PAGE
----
• Multisystem autoimmune disease
• Chronic course with relapses and remissions
• Organ systems most frequently involved: skin, joints, kidneys, blood, and CNS
• Diverse manifestations in eye:
– Discoid lesions of eyelids
– Keratoconjunctivitis sicca (dry eye)
– Cranial neuropathy
– Optic neuropathy
– Retinal vasoocclusive disease
– Antimalarial drug toxicity
• Approximately 250,000 people have systemic lupus erythematosus (SLE) in the US (1)[B]
• Up to 1/3 of patients with SLE have ocular manifestations.
– Ocular surface disease: up to 30%
– Retinal manifestations: 3–30% (depends on systemic disease activity)
– Optic nerve involvement: 1%
• Gender: female 9:1
• Age: peak incidence 2nd–4th decade
• Race: African-American and Asian descent
• Family history
• Environmental factors: hormones, sunlight
• Drug-induced lupus: procainamide, hydralazine, quinidine, chlorpromazine, methyldopa, isoniazid
• Twin studies support genetic predisposition.
• Linkage studies have identified many candidate genes, particularly on chromosome 1q
• Associated with HLA-A1, HLA-B8, and HLA-DR3
• Autoimmunity may be triggered by autoantigen exposure during apoptosis.
– Autoantibody production
– Immune complex deposition
• Lupus retinopathy associated with immune complex–mediated arteriolar occlusion and thrombosis
COMMONLY ASSOCIATED CONDITIONS
• Secondary Sjögren’s syndrome
• Antiphospholipid antibody (APA) syndrome (found in 77% of SLE patients with retinal or optic nerve disease vs. 29% of other SLE patients) (2)[B]
SLE is diagnosed by at least 4 of the 11 following American College of Rheumatology (ACR) criteria:
• Malar rash
• Discoid rash
• Oral ulcers
• Serositis (pleuritis, pericarditis)
• Renal disorder (proteinuria or cellular casts)
• CNS disorder (seizures, psychosis)
• Hematologic disorder (anemia, leucopenia, thrombocytopenia, lymphopenia)
• Immunologic disorder
– Antidouble-stranded DNA (anti-dsDNA)
– False-positive RPR or VDRL
• Antinuclear antibody (ANA) positive
• Visual decline
• Ocular adnexa—edema, mass, proptosis
• Motility–-myositis, cranial neuropathy, intranuclear ophthalmoplegia
• Eyelids—discrete, scaly lesions (discoid lupus)
• Conjunctiva—inflammation (noninfectious conjunctivitis)
– Episcleritis (superficial, blanches with topical phenylephrine)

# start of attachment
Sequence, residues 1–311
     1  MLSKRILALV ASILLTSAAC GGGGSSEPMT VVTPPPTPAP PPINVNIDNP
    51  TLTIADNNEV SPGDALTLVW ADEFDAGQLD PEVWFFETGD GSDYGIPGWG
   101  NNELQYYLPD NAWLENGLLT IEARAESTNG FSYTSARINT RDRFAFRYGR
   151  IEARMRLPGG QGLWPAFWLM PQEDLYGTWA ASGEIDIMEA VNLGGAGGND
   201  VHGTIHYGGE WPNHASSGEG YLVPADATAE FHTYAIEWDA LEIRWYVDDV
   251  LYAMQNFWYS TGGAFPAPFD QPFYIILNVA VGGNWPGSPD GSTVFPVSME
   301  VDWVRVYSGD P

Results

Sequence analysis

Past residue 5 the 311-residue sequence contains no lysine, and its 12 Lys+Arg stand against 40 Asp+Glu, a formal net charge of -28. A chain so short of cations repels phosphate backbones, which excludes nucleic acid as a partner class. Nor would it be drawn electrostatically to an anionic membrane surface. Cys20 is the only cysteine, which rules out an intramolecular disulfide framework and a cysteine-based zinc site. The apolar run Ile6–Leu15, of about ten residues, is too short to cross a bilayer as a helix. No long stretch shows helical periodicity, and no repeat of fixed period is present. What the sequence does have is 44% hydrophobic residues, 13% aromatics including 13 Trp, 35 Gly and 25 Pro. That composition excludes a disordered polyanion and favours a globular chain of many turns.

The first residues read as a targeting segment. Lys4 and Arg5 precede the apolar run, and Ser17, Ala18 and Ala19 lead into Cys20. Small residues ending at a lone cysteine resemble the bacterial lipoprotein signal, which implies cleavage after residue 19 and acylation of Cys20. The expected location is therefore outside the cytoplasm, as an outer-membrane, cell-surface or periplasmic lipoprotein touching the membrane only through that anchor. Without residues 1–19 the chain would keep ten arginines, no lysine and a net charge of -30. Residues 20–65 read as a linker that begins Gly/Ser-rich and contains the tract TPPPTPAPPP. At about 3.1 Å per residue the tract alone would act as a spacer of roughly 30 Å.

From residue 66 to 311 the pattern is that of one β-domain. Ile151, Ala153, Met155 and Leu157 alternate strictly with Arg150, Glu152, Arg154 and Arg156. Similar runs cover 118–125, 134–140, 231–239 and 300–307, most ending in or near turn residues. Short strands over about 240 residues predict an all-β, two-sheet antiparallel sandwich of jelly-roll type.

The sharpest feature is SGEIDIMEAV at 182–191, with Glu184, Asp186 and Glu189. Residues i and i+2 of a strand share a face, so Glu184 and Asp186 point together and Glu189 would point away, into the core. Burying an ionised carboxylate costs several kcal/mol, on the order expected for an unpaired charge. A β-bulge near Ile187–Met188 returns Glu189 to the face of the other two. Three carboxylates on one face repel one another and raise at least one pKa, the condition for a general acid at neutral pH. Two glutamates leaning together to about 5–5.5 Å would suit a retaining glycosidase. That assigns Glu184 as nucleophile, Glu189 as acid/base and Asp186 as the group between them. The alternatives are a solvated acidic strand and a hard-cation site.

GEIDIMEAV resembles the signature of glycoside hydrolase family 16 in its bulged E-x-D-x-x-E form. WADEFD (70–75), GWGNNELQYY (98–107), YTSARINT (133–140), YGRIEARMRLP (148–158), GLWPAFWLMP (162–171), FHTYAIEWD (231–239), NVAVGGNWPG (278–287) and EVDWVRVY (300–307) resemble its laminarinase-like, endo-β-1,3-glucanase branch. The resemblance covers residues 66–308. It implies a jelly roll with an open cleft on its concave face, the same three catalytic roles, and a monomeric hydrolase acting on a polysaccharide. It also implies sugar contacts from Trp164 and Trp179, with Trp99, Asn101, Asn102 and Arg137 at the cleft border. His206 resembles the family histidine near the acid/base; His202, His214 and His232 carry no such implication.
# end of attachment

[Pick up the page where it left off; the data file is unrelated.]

– Scleritis (deep, does not blanch with topical phenylephrine, nodular or diffuse, anterior or posterior)
– Reduced tear film, punctate keratopathy, filaments (dry eye, Sjögren’s syndrome)
– Interstitial keratitis (rare)
– Peripheral ulcerative keratitis (rare)
– Vortex keratopathy (verticillata)
Associated with antimalarial drug use
Rarely visually significant
Reversible with cessation of treatment
• Anterior chamber
– Cell and flare (iritis)
– Hypopyon uveitis (rare)
• Lens (cataract)
– Especially posterior subcapsular
– Associated with chronic steroid use
• Vitreous—inflammation (posterior uveitis)
– Lupus retinopathy
– Cotton–wool spots (nerve fiber layer infarcts)
– Intraretinal hemorrhages
– Vascular tortuosity
– Vasoocclusive retinopathy (more severe)
– Capillary nonperfusion
– BRVO, CRVO, BRAO, CRAO
– Neovascularization of disc and retina
– Vitreous hemorrhage
– Traction retinal detachment
– Uveal effusion
– Serous retinal detachment
– Choroidal infarction
– Choroidal neovascular membrane
– Optic nerve
– Papilledema (intracranial hypertension)
DIAGNOSTIC TESTS & INTERPRETATION
Initial lab tests
• Anti-dsDNA (highly specific)
• ANA (sensitive)
Follow-up & special considerations
• Other autoantibodies
– APA (anticardiolipin and lupus anticoagulant)
– Anti-N-methyl-d-aspartic acid (NMDA)
– Anti-alpha actinin
• Fluorescein angiography to assess retinal and choroidal circulation
– ICG to assess choroidal circulation
– OCT to assess for macular edema or serous retinal detachment
– B-scan ultrasonography to assess vitritis and for retinal detachment